You don't need to have a fully modded and rooted Galaxy S9 to appreciate what developer options brings to the table. Besides the obvious USB debugging, which lets you use ADB, this hidden menu lets you tweak your phone's animations or change its DPI to better suit your needs — and that's just the tip of the iceberg.
As advanced as the Galaxy S9 is, it can still be susceptible to the occasional hiccup. Several factors can cause your smartphone to behave erratically or become unresponsive, such as buggy apps or updates that didn't properly install. Luckily, most of these issues can be easily resolved with a press of a button — or two, to be exact.
Most phones adjust the ringtone and notification volume by default when you press the physical volume buttons. If media is playing, then the volume rocker will adjust media volume — but only after the first few seconds played at the previous volume level. This has been a point of frustration for many years, but thankfully, the Galaxy S9 lets you change the default volume control.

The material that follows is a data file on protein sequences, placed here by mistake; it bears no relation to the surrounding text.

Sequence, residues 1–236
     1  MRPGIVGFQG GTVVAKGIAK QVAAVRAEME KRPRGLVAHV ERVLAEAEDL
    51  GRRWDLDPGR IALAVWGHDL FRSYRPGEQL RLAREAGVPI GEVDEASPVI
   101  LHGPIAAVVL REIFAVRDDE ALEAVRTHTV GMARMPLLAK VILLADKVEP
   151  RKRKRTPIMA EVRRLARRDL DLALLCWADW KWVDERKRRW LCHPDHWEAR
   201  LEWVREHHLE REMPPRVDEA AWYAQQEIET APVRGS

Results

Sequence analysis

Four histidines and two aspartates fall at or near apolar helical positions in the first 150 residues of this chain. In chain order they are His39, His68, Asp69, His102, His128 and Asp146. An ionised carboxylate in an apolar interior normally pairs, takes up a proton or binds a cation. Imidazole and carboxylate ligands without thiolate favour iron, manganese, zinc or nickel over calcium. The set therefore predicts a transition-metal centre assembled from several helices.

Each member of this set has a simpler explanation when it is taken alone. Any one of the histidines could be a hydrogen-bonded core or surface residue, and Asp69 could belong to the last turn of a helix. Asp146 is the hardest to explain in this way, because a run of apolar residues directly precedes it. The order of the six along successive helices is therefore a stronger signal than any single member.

Samsung just launched their Galaxy S9 flagship, with preorders shipping in the US already. The Galaxy S9 is an amazing smartphone, with a number of advanced features. Despite this, over time your S9 or S9+ may slow down a bit more than you would like. Thankfully, there is a longstanding trick in the Android community that can speed things up a bit.
Samsung has made curved displays a signature element of their flagship phones, but the Edge Screen, as it's called, has proven to be a magnet for accidental touches. Fortunately, Samsung has developed a little known app to help prevent this problem.
The Galaxy S9 is truly a sight to behold. With a class-leading display, the best camera ever put into a smartphone, and Samsung's cutting edge design, it might just be the best piece of hardware on the market. Having said that, some of the most useful additions are actually in the software.
Because of quirks with cell radios and how Android was previously set up, custom ROM support for Galaxy S phones has been sparse these past few years. It's been almost nonexistent for US customers, while international users would see some ROMs. Thanks to Android Oreo's Project Treble, this will all be changing soon.